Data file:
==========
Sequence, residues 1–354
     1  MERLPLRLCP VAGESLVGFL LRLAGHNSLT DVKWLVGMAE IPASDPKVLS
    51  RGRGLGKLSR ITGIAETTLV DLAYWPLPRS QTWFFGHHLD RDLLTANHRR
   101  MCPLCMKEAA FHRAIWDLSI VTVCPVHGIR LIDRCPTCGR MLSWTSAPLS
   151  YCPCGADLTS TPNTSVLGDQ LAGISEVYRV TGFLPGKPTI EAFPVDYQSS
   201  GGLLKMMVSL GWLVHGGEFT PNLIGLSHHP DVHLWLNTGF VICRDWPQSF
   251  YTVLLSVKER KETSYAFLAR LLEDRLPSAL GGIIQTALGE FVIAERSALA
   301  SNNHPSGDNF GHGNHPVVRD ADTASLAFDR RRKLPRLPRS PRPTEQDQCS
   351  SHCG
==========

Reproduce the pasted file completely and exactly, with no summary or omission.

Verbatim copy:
Sequence, residues 1–354
     1  MERLPLRLCP VAGESLVGFL LRLAGHNSLT DVKWLVGMAE IPASDPKVLS
    51  RGRGLGKLSR ITGIAETTLV DLAYWPLPRS QTWFFGHHLD RDLLTANHRR
   101  MCPLCMKEAA FHRAIWDLSI VTVCPVHGIR LIDRCPTCGR MLSWTSAPLS
   151  YCPCGADLTS TPNTSVLGDQ LAGISEVYRV TGFLPGKPTI EAFPVDYQSS
   201  GGLLKMMVSL GWLVHGGEFT PNLIGLSHHP DVHLWLNTGF VICRDWPQSF
   251  YTVLLSVKER KETSYAFLAR LLEDRLPSAL GGIIQTALGE FVIAERSALA
   301  SNNHPSGDNF GHGNHPVVRD ADTASLAFDR RRKLPRLPRS PRPTEQDQCS
   351  SHCG